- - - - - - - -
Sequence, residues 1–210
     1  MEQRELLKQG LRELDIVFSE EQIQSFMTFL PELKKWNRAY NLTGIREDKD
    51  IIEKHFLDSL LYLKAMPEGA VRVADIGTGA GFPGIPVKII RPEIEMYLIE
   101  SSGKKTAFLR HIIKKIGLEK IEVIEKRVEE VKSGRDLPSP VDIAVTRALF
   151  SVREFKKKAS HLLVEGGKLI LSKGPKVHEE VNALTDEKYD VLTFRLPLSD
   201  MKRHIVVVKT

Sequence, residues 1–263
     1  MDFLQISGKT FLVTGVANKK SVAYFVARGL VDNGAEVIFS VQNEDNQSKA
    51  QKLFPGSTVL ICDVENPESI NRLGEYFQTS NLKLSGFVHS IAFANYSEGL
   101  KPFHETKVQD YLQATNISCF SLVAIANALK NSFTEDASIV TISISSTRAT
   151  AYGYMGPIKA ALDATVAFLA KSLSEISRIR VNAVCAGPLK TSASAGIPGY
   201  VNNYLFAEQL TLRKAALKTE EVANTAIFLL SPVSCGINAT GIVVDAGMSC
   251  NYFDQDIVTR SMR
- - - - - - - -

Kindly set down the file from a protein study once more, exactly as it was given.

Sequence, residues 1–210
     1  MEQRELLKQG LRELDIVFSE EQIQSFMTFL PELKKWNRAY NLTGIREDKD
    51  IIEKHFLDSL LYLKAMPEGA VRVADIGTGA GFPGIPVKII RPEIEMYLIE
   101  SSGKKTAFLR HIIKKIGLEK IEVIEKRVEE VKSGRDLPSP VDIAVTRALF
   151  SVREFKKKAS HLLVEGGKLI LSKGPKVHEE VNALTDEKYD VLTFRLPLSD
   201  MKRHIVVVKT

Sequence, residues 1–263
     1  MDFLQISGKT FLVTGVANKK SVAYFVARGL VDNGAEVIFS VQNEDNQSKA
    51  QKLFPGSTVL ICDVENPESI NRLGEYFQTS NLKLSGFVHS IAFANYSEGL
   101  KPFHETKVQD YLQATNISCF SLVAIANALK NSFTEDASIV TISISSTRAT
   151  AYGYMGPIKA ALDATVAFLA KSLSEISRIR VNAVCAGPLK TSASAGIPGY
   201  VNNYLFAEQL TLRKAALKTE EVANTAIFLL SPVSCGINAT GIVVDAGMSC
   251  NYFDQDIVTR SMR